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Re-Introducing Grains After GAPS

Re-Introducing Grains After GAPS

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I have begun re-introducing the first recommended grains by Dr. Natasha Campbell-McBride when transitioning off the GAPS diet. I have introduced fermented buckwheat and fermented quinoa.

I would like to share with you the delicious recipes I have tried. I introduced buckwheat first and tried Chris Kresser’s sourdough buckwheat pancakes. My wonderful sweet boyfriend (also my camera man) made these for me :).

Here is the recipe if you would like to try it. It is very simple to make, it just takes a little planning and waiting. By the end of day 2 of fermentation, the dough is bubbling!! This means that it is “alive!” Most of the food Americans eat is “dead.” It is important that all of us eat fermented foods for good health. The pancakes were cooked in coconut oil and were topped with maple syrup. I washed them down with a tall glass of raw milk.

Last week I begin introducing fermented quinoa. Here are a couple ways I enjoyed my quinoa:

Quinoa "Oatmeal"
 
Author:
Ingredients
Instructions
  1. Pour 1 cup organic quinoa into a glass bowl or jar and cover with filtered water
  2. Add 1 tbsp acidic medium such as raw apple cider vinegar, lemon juice, yogurt, whey or kefir (I used apple cider vinegar)
  3. Cover and let sit for 12 to 24 hours (I let mine sit for about 36 since I forgot about it, but it is even better since it fermented for a longer period of time)
  4. Strain liquid and rinse with filtered water until the water runs clear (I noticed before and after straining my grains were crackling – I think this is another sign they are “alive.” I also noticed I had sprouts coming out of many of the grains!)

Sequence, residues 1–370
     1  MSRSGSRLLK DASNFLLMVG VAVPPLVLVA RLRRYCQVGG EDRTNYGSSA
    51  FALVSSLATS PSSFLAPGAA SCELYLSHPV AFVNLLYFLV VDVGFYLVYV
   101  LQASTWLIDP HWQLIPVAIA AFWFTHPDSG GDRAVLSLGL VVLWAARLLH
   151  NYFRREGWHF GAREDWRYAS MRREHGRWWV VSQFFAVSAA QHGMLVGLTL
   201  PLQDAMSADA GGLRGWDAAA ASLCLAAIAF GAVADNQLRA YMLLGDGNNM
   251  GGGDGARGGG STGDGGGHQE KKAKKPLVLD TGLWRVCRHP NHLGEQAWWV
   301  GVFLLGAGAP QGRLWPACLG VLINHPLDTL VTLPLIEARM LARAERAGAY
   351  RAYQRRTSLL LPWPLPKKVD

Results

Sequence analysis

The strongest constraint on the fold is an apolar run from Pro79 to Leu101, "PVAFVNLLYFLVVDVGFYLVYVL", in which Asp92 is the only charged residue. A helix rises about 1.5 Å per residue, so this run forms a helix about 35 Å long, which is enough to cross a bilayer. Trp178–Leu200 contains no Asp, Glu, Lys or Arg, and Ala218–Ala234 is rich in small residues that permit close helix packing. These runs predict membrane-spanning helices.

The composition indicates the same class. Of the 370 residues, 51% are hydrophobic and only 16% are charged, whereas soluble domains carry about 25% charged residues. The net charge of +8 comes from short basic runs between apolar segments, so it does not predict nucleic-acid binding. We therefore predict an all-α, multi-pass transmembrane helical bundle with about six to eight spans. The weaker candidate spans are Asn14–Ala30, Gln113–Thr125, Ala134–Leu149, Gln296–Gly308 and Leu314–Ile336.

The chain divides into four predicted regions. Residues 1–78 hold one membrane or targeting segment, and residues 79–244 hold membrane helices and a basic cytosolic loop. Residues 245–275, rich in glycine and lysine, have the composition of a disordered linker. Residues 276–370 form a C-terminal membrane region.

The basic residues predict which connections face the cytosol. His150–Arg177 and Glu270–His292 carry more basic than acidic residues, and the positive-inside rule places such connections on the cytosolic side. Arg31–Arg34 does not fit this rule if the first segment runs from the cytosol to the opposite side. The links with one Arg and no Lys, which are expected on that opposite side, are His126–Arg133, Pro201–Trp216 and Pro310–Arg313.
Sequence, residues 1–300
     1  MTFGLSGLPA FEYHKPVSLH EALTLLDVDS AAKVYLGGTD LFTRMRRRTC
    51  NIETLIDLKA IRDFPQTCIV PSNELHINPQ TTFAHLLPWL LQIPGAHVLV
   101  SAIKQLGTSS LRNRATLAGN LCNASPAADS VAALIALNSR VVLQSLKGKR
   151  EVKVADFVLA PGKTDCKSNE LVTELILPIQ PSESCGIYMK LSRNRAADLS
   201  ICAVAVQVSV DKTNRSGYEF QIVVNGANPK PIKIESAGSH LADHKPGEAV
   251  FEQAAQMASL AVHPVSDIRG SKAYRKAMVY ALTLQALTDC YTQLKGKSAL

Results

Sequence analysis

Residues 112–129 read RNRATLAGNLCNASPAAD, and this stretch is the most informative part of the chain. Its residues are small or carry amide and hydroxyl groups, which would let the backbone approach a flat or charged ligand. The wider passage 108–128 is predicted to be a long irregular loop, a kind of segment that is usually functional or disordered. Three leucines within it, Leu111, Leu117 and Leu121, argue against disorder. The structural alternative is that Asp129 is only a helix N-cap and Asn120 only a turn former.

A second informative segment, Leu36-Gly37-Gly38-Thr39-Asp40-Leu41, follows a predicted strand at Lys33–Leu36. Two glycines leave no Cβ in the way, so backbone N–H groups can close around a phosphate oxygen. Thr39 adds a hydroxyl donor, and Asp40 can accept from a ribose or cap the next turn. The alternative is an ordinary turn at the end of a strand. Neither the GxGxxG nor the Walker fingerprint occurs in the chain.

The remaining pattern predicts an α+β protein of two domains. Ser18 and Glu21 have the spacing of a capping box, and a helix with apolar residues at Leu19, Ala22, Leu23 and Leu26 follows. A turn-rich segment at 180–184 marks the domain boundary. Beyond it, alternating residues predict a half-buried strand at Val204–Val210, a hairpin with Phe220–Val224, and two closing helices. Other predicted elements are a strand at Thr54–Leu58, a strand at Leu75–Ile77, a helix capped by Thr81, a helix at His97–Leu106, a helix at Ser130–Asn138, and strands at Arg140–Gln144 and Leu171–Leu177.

5. Put grains into pot and add 1 cup of filtered water and a pinch of unrefined sea salt.
  6. Bring to a boil then set heat to low, cover the pot and let it simmer for 15 minutes. At the end of this time you should see holes in the quinoa, like when you cook rice and it is ready. Let sit for 5 minutes.
  7. Add toppings on the hot quinoa
  8. Serve or incorporate into another recipe.

 
Quinoa n’ Eggs Hash:
 
Author:
Ingredients
  • 1 cup organic Quinoa
  • Grass fed butter
  • 2 pasture raised eggs
  • Unrefined sea salt
  • Freshly ground black pepper
  • Organic chopped garlic
  • Organic chopped green onions
  • Organic vegetables of choice, chopped into bite size pieces
Instructions
  1. Pour 1 cup organic quinoa into a glass bowl or jar and cover with filtered water
  2. Add 1 tbsp acidic medium such as raw apple cider vinegar, lemon juice, yogurt, whey or kefir (I used apple cider vinegar)
  3. Cover and let sit for 12 to 24 hours (I let mine sit for about 36 since I forgot about it, but it is even better since it fermented for a longer period of time)
  4. Strain liquid and rinse with filtered water until the water runs clear (I noticed before and after straining my grains were crackling – I think this is another sign they are “alive.” I also noticed I had sprouts coming out of many of the grains!)
  5. Put grains into pot and add 1 cup of filtered water and a pinch of unrefined sea salt.
  6. Bring to a boil then set heat to low, cover the pot and let it simmer for 15 minutes. At the end of this time you should see holes in the quinoa, like when you cook rice and it is ready. Let sit for 5 minutes.
  7. Add butter or healthy saturated fat or oil of choice to a hot pan.
  8. Whisk 2 pastured eggs in a bowl and add to hot pan with cooked quinoa.
  9. Add unrefined sea salt, freshly ground black pepper, garlic and any other spice of choice to pan.
  10. Cook everything until eggs are no longer runny.
  11. Optional: add other vegetables like carrots, onions, garlic, green onions, etc. Let the sky be your limit!
  12. Enjoy!

 

It is hard to say which of these recipes I enjoyed more. The quinoa was almost like eating oatmeal again, and I loved the creaminess, the sweetness of the maples syrup and the spice of cinnamon. The quinoa n’ eggs hash was also great because it was a more satisfying breakfast than just fried eggs.

Remember when eating grains, beans, nuts and seeds, it is vital to soak, sprout and/or ferment them to enjoy the benefits of maximum nutrition and nutrient absorption. Grains especially have a plethora of anti-nutrients in them.

Preparing these plant foods traditionally will ensure that we absorb the nutrients the plants offer. This week I plan on introducing fermented millet. Watch for a post on my experience with introducing it and a recipe!

 

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